If what the correspondent really meant was that the pumps weren’t working, or were the wrong kind for the job, then “redundant” is certainly not the right word to cover either situation.
In the UK, sacking an employee is now a very difficult and long-drawn-out process; unless they are obliging enough to commit some truly spectacular and criminal misconduct meriting summary dismissal you have to go through a long and painful process involving verbal warnings, written warnings and so on. And at the end of it, the employee can take you to an industrial tribunal and if you haven’t carried out every single aspect of the process perfectly they can take you to the cleaners. For this reason many employers prefer to reorganise the workplace in such a way that the problem employee’s job becomes (however technically) redundant. Redundancy carries with it a compensation payment meant to ease the period of looking for another job, and, of course, no blot on the worker’s record, so most problem employees will go quietly if offered it, and employers reckon the money is well spent.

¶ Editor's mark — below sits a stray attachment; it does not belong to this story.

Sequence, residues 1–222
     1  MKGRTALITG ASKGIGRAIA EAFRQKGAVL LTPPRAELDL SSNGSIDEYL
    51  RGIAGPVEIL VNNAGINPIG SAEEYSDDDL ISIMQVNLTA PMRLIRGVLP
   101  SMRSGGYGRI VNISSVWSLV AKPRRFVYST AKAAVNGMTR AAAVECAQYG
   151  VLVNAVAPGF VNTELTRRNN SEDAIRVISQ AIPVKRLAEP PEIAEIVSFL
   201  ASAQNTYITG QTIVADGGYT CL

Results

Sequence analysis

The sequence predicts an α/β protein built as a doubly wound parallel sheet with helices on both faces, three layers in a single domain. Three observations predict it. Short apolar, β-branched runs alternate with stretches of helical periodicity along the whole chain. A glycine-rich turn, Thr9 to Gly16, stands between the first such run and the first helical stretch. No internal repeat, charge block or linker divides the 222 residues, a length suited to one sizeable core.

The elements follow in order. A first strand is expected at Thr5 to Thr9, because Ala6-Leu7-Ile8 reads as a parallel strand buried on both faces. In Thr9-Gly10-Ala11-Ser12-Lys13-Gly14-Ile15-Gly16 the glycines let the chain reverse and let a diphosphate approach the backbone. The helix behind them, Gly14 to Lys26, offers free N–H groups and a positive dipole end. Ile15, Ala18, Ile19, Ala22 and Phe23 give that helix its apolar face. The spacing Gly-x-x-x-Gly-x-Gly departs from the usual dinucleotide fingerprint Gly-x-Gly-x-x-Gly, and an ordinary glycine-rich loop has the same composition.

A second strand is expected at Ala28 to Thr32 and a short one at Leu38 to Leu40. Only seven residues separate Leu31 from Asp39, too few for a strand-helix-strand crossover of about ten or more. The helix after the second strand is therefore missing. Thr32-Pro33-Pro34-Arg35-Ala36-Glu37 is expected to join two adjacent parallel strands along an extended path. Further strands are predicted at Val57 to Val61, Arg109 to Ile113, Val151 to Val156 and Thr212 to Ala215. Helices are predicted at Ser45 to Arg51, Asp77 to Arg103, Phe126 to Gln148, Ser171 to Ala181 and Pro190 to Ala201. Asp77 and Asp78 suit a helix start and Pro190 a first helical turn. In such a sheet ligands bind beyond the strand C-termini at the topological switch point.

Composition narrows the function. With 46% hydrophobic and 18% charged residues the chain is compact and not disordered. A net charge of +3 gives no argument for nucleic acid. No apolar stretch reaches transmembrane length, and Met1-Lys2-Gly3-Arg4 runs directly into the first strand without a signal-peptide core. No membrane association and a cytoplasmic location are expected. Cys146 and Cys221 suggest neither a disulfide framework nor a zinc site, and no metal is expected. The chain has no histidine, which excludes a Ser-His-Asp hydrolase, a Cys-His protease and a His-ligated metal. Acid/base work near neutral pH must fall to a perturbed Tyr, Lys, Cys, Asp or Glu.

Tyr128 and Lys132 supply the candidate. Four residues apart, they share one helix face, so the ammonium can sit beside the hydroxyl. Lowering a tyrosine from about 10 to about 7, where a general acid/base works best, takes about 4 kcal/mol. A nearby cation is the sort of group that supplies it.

So redundancy is indeed routinely used as a legal ploy for getting rid of workers you don’t want, but it still is not the same as sacking them. The very availability of fig-leaves such as “redundancy” or “ill-health retirement” have made actual sackings a relatively rare and dramatic event.